ovelny

Microblogging is not worth it

I'm currently deleting my accounts on Mastodon and will add a contact page on this website so you can reach me out differently. While my beliefs were already confirmed to be true about "social media alternatives", watching The Social Dilemma just cemented my thoughts about online interactions, specifically with microblogging.

Here is what's wrong about mastodon (and microblogging) in my humble opinion. I will not pretend to lay out facts or anything like it, merely a few impressions that I got after a few months of use.

Just another echo chamber

Content is federated, and people can follow each other across instances (provided they've not been blocked for various reasons).

This is all nice and fine on paper, but in reality instances are pretty distant from each other. You cannot browse other instances as easily as the one you registered to (they might even make their feed entirely private, in fact), and thus cannot find other people (like-minded or not) as easily as you would expect. This usually leads up to instances being acquainted to 2-3 other instances, and that's it. So much for the broad variety promised by federation.

While Twitter and centralized platforms algorithmically create an echo chamber based on your habits and follows to reinforce your behavior and make it predictable, the only difference provided by Mastodon is that you set up for the exact same thing manually. Registering to an instance implicitely makes you subscribe to an echo chamber, and you are now stuck in a positive feedback loop just like anywhere else.

This will lead you to the exact same pitfalls as Twitter: polarization, antagonizing different mindsets, and simply not having your thoughts challenged by a wide variety of opinions. In short, reducing ways to keep a sane amount of objectivity and critical thinking. Congratulations, you just solved... nothing, on a social scale.

No opposing viewpoints == pretty dumb takes

This is a direct consequence of living in an echo chamber. As very few people will oppose your views on a daily basis, you will instinctively grow up to be very sure of your opinions. Which in turn is sure to make you post dumber and dumber takes, in a slow but steady pace.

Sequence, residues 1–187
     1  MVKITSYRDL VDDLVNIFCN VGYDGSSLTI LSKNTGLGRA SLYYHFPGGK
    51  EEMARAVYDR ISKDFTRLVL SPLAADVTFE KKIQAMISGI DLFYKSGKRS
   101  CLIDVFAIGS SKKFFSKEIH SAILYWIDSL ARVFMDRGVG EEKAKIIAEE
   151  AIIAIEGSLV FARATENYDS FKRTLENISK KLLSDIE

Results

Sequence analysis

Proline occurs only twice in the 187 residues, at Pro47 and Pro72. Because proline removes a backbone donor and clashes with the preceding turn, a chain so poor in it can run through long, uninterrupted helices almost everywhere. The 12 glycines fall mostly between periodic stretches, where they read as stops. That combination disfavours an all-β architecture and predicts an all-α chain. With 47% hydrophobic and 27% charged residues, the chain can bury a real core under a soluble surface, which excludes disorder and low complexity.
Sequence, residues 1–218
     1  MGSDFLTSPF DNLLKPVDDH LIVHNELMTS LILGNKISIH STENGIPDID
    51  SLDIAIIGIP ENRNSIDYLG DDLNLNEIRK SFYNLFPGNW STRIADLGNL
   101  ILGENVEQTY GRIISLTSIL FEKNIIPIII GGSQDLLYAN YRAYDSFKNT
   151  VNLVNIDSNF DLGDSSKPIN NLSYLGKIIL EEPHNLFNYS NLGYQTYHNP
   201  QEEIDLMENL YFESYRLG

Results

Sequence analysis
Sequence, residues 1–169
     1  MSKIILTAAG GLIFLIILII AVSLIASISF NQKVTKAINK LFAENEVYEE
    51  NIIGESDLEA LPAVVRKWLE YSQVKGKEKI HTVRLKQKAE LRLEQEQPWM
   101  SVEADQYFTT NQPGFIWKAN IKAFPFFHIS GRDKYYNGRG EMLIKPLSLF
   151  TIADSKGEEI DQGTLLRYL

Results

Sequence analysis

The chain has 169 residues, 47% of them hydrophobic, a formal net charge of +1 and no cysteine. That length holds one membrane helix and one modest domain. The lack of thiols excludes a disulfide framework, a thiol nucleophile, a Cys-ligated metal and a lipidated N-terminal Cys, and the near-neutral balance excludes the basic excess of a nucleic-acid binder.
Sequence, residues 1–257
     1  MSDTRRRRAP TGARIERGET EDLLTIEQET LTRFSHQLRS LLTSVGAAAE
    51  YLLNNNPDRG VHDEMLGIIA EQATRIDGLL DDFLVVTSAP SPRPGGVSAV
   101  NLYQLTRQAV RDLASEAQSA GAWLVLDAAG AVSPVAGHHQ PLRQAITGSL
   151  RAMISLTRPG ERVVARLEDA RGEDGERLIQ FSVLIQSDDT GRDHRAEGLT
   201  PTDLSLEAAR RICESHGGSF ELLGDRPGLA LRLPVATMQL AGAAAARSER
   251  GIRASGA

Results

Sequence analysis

Never have "heroes" or role models too: if they have an account you are sure as hell to find disappointment in their feeds. The more followers you have, the more likely you are to simply not question your worldview, as the positive feedback loop reinforces itself with no end in sight.

In fact, having very few followers is a blessing in disguise. The dopamine provided by fake internet points is less likely to influence your next post, which is why microblogging (or any other form of social media with meaningless metrics) will probably make you a worse person as time goes by and your audience grows, rather than a better one.

Some forms of communication are simply suboptimal

Microblogging tries to be as instant as chatting, as enriched as blog posts, as interactive as forums and it fails at all of these goals. You cannot do everything without becoming some sort of Frankenstein monster that hinders communication rather than enhancing it.

Still, Twitter is fine for a few selected things: self-promotion, creating an audience, promoting your brand or persona. You are most likely following people doing that already, whether you're aware of it or not. It's a casual LinkedIn, which is a valid purpose even if it's not my thing.

What about Mastodon? You got a federated network, a chronological timeline, no ads, no tracking, and a way to delete and redraft your posts among other things. It's great because it solves technological pain points of Twitter, but that's it. Don't expect it to be any different on a social scale.

Stick to chat, emails and forums instead. They will never be as good as IRL communication, but they're the best options we got online. Disable all notifications and you got a pleasant experience that is less likely to become another dopamine nightmare.

It's not all black and white however: I met amazing people on Mastodon who inspired me greatly and provided me with insights I wouldn't have gotten anywhere else. I'm blaming the platform and what it does to individuals on a long term scale, not communities.